"Semi-Pro" is Will Ferrell's most cluttered film to date, and coming off the lackluster figure skating opus "Blades of Glory," that's saying something. This is an amusing picture with a kaleidoscopic comedy viewpoint, but it's terribly disjointed and frighteningly bipolar. A few more movies like this, and Ferrell could find himself trapped in a creative black hole that might lead to a future of miserable boat show appearances.
Jackie Moon (Will Ferrell) is a disco superstar, master promoter, and owner of the Flint, Michigan Tropics, a struggling ABA basketball team eager to make 1976 their year for success. Finding out only the top four teams in the league will be considered for an upcoming merger with the NBA, Jackie recruits aging superstar Monix (Woody Harrelson) to join the team and help with the season. Under pressure to win games and fill the seats, Jackie goes to outrageous lengths to keep his team alive when it seems everyone couldn't care less about the future of the ABA.
Listen, Will Ferrell could be funny in his sleep, but his recent output of feature films has reeked of desperation, eroding his once pungent buoyancy. "Semi-Pro" is such an erratic production, tap-dancing all over the place in search of chuckles, and soft chortles are pretty much all you get from Scot Armstrong's screenplay. There are few belly-laughs to be mined from the material, and that is a crime.
Longtime comedy producer Kent Alterman makes his directorial debut with "Semi-Pro" and his inexperience is about as subtle as a supernova. Imagine "Anchorman" and "Tin Cup" colliding on a playground of ABA jokes and you'd have something approaching the tone of "Semi-Pro." The film is an untamed hodgepodge of improvisational moments from Ferrell and his gang of comics (Andy Richter, Will Arnett, David Koechner, and Rob Corddry also appear) who wander around trying to pinpoint the laugh, but never quite do. All Alterman can do is turn his camera on, praying the footage will cut together. I hate to break it to this guy, but "Semi-Pro" is barely a movie.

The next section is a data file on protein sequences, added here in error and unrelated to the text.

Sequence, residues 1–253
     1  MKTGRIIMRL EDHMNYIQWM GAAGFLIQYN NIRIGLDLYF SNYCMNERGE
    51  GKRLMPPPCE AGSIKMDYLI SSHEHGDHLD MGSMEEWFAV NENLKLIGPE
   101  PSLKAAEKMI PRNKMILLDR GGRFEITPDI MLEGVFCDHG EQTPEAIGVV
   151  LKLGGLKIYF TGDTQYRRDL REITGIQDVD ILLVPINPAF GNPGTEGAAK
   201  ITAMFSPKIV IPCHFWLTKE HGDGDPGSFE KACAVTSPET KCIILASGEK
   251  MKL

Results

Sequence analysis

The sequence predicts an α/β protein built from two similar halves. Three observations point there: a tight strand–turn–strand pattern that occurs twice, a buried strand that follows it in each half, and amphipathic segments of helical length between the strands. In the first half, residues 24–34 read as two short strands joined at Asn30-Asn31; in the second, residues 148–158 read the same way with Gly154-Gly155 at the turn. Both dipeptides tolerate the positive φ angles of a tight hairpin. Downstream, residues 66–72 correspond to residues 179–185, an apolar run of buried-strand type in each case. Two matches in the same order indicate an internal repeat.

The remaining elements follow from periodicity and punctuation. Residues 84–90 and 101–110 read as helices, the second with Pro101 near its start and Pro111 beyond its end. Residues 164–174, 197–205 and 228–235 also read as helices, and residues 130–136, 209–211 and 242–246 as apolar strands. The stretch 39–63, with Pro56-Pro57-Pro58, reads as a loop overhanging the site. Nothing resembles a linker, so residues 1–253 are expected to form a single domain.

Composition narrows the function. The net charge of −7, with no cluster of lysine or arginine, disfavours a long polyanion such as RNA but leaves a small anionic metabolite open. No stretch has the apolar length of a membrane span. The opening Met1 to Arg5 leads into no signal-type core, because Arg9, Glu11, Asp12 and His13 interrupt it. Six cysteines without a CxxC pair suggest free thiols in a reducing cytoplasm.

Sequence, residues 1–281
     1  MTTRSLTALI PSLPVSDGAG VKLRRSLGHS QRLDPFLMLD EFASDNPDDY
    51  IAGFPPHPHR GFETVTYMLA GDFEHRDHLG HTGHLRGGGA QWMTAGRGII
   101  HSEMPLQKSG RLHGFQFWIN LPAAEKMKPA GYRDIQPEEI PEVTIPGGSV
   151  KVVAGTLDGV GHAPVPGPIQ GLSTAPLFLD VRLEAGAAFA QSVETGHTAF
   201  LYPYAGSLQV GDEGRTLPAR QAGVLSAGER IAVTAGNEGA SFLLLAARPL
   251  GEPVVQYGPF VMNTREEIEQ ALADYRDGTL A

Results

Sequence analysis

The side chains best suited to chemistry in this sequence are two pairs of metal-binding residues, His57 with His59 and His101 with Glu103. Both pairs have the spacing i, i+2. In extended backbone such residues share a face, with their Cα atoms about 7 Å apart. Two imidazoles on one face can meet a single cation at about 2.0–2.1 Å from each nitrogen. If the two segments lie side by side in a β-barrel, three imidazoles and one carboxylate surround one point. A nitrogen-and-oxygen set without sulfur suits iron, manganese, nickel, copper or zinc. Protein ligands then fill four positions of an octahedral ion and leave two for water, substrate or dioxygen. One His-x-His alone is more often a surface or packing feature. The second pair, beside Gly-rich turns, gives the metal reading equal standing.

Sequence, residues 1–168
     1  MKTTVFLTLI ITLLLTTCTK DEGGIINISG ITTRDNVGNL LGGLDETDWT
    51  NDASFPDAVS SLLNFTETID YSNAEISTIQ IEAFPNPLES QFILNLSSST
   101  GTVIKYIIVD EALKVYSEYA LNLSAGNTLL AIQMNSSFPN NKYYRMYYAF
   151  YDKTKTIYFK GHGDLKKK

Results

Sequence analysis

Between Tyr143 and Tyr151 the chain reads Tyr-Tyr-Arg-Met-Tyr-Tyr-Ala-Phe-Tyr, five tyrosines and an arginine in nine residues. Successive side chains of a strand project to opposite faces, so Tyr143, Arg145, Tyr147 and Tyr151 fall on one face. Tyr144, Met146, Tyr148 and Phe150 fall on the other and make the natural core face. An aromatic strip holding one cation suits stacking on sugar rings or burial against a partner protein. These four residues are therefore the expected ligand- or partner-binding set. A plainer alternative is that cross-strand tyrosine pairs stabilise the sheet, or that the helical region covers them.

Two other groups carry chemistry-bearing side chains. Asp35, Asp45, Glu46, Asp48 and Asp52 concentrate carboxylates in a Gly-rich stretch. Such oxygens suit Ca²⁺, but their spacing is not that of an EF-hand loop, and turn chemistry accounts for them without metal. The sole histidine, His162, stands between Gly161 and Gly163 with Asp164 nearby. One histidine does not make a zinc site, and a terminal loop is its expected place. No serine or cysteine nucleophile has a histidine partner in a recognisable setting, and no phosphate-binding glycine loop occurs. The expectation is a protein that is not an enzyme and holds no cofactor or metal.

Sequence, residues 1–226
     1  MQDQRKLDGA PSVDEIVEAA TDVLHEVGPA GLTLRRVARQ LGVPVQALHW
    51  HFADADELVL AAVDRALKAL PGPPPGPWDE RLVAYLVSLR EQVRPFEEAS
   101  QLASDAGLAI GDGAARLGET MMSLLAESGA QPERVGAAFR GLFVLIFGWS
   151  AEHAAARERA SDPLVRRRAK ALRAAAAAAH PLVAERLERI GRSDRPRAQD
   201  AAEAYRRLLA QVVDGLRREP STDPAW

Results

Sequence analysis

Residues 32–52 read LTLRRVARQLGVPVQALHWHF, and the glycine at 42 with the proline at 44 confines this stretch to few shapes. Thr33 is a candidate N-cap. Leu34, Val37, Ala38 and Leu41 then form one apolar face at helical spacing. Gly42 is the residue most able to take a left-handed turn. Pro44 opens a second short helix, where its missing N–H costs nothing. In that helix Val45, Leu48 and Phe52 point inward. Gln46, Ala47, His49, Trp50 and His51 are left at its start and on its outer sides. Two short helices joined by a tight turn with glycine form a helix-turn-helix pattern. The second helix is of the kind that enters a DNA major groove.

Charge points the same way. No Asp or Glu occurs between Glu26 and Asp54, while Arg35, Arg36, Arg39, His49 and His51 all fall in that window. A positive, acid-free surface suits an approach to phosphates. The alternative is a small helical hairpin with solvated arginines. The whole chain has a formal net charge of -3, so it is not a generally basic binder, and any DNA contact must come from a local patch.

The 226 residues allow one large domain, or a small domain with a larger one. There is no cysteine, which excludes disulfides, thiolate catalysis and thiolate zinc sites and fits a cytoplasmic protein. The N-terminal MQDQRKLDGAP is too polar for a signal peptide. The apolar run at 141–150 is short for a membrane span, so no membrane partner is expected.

Laughs come from the mouth of Ferrell, who, as his did in "Blades," takes off on his own spaceship of thought and tangents. Watching Jackie freak out over the continual failure of his team is entertaining footage, and it's often enough to help digest the picture. However, when Ferrell goes for the wilder ideas, such as Jackie and his friends engaging in a little gunplay during a poker game, the film deflates right in front of your eyes. When Will Ferrell has to fight like a demon to make a scene funny, then you know the script is garbage.
Further proof of this comes with the character of Monix, who has been branded the "heart" of the feature. Harrelson is amiable enough, but what little momentum there is in "Semi-Pro" is killed by trying to infuse this funhouse with a soul. Either you have Jackie wrestling a grizzly bear or Monix making googly eyes with an old flame (a wasted Maura Tierney). Trying to blend both in the same picture leaves the film a tennis match of tones that starts to strain the neck the more Alterman refuses to scale it back.
"Semi-Pro" has some fine moments, but there's nothing here that catches fire. Pointing out 70's staples like Pong and fondue are smile-worthy, but forced. The ABA miracle moments, such as the discovery of the alley oop, also get the blood pumping, but there's little kinetic energy behind it. Perhaps Ferrell should stick to directors who understand his silly DNA, instead of placing his future in the hands of the Kent Altermans of the world, who don't have the experience or the courage to pick a tone and charge full steam ahead.
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